Robyn is a visual artist working in photography, installation, and performance. By turning the camera on herself, and through the use of carefully considered materials, LeRoy-Evans creates imagery and installations that draw inspiration from history, mythology, and her own personal experiences. In 2012 she achieved a First Class Honours Degree in Fine Art from Sheffield Hallam University, United Kingdom. She has exhibited nationally and internationally and has work in private collections in the U.S., Canada, and U.K. From 2016-2019 LeRoy-Evans was a member of The Front, an artist-run exhibition space in New Orleans. She celebrated her first solo show, A Growing Dance, in 2017, which explored her most challenging and rewarding venture yet: motherhood. Her most recent exhibitions include Maternality at Richard Saltoun Gallery, London in 2020, curated by Catherine McCormack. Her collaborative work with ceramic artist Dianne Lee is on view as part of 2021’s National Council on Education for the Ceramic Arts at Weston Art Gallery, Cincinnati, in the group show Social Recession. Dianne and Robyn’s work can also be seen at The Gardiner Museum, Toronto, in summer 2021 as part of the city’s annual Contact Photography Festival. Reference: http://www.robynleroyevans.com
That Which We Can Never Know. Velvet, a pillow from the family bed, earth from the woodland of the artist’s childhood, clothing (the artist’s), thread, nails, hair (the artist’s, her partner’s, their daughter’s). 150 x 122 x 92 cm circa. 2020
Curator: “That Which We Can Never Know” is a fabric installation that implies yet unveils the internal folds of the maternal body. The physical volume contains invisible memory by including the earth from woodland of your childhood and the hairs of your families. What is your initial motive to draw all these components out to recreate a space of memory?
Leroy-Evans: The fabric, clothing, and hair in particular, are materials I’ve worked with for many years. My motive? To give a sense of bodies in time, bodies of time: the past and present and future all together.
My mother had to be brought in somehow. As this piece was created for a show in London, I knew I would have the opportunity to return to where I spent my childhood and collect some earth from under the bench on which she liked to sit. The collecting of it was a ritual of sorts in and of itself. I sat where my mother sat. Visited with her awhile. Then, in the gallery, when everything was brought together, it felt like a drawing in of things, a gathering. These elements, which separately hold individual meaning on their own, hold more weight somehow once brought together.
Finally, my personal future was somewhat predicted in this piece, as the curator Catherine McCormack writes in her essay from the January show, “…three pins attaching the work to the wall represent the vestiges of bodies within the one contained space; of the artist, her partner, and her child while a fourth pin represents the possibility of another body as yet to be born from the folds.” My son was born in December that same year.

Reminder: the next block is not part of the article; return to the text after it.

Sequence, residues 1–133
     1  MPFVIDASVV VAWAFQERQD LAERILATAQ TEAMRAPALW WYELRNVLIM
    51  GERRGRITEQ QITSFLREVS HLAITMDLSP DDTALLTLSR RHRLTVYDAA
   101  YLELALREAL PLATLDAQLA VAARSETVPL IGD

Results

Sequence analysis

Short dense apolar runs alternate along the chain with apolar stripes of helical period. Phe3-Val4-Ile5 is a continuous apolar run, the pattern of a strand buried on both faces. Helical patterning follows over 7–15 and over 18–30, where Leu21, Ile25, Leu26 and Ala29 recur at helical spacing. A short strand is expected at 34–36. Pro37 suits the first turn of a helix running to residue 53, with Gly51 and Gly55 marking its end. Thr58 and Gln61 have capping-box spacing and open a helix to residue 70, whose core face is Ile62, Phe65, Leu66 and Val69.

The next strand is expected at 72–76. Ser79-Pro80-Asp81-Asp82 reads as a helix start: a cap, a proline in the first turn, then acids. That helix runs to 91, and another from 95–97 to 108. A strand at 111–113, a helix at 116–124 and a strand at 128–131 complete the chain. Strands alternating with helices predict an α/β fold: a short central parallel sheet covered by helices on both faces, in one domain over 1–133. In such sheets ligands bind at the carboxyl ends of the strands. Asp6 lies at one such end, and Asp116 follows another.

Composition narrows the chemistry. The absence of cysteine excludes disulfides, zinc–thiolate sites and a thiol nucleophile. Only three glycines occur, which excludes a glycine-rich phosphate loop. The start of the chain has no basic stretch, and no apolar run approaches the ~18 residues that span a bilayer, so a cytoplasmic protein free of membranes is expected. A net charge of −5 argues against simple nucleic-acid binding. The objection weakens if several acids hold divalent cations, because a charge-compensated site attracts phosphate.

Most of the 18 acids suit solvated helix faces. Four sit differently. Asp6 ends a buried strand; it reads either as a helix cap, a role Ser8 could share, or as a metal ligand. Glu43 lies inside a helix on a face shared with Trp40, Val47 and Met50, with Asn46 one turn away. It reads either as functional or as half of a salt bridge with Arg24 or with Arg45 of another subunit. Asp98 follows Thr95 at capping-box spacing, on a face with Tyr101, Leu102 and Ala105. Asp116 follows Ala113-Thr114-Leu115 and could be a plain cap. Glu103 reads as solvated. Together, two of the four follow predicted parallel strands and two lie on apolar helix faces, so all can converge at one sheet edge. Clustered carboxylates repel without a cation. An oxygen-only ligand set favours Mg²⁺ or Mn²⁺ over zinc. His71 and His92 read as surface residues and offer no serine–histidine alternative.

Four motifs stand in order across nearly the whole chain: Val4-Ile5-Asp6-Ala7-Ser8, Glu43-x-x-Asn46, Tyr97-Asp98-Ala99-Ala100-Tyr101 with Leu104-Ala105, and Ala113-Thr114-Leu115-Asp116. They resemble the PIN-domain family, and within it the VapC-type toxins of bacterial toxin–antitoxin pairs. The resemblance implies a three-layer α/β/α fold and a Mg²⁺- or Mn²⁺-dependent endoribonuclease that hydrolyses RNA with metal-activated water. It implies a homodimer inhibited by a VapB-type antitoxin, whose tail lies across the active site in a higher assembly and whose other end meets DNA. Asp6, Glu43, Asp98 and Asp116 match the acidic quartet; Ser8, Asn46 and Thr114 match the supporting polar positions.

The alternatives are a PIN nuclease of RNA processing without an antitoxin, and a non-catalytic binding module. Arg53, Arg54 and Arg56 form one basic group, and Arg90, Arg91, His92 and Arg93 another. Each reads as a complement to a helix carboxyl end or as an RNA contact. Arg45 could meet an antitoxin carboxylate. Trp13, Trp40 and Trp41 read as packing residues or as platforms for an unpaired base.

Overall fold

Labor of Love. Satin, fabric ink, inflatable exercise ball, lashing, metal clips. 2018. Installation view of Labor of Love at Little Berlin, Philadelphia for the group show Tango, 2018
Photo credit: Jonathan Traviesa
Curator: In the installation “Labour of Love”, a blue exercise ball which was to assist in labouring, is cradled and concealed by the yellow satin. Does this imply the invisibility of labour? What is the relation of labour and love from your point of view as a mother artist?
Leroy-Evans: Yes, labouring people are often kept in the shadows. Of course there’s also the idea of all the hidden labour mothers and mothering figures do. So much goes unseen. The labour that we deal with daily. The internal labour of the mind, too. I don’t see my labour as an act of love. I see my labour as a means through to my love. Because I labour, I am able to love more deeply.
To Let Go Someday Will Be Painful. Archival pigment print. 14.6”x22”. 2017. In the project of A Growing Dance
Curator: “A Growing Dance” is a series of images that capture the dance-like movements based on everyday actions. The draped folds and the movements of the body run in parallel, creating a duality of hides and reveals. You mentioned that your physical expressions are usually removed from your inner self. How do you deal with this tension (do you try to balance it?)
Leroy-Evans: I deal with this tension by making art! Because yes, my body as a mother is not only mine. For most of the day it belongs now to my infant son, just as it belonged to my daughter when I was nursing her. When is my body not being touched or pulled or grabbed or suckled? These are all ongoing sensations, which I attempt to mirror in the work in my own way. My process is repetitive, it is action-based, and in the center lies two joined materials: the body and the cloth. When I see folds of cloth, I see folds of flesh. I manipulate the material, I interact with it, it becomes an entity unto its own. They are arranged together, in conversation with one another, and I use my body to try to join these conversations. As a mother, my body has become something I’m more aware of than before. How it has been transformed, used, manipulated, given over to…I know I am not my body. I only exist within it, it is a vessel.
How You Came To Be. Archival pigment print. 8″x12″. 2017 I
In the project of A Growing Dance
Curator: Another interesting point is the involvement or presence of your daughter during the practice, how do you think your two mother-daughter relationships (between you and your artist mother, and between you and your daughter)?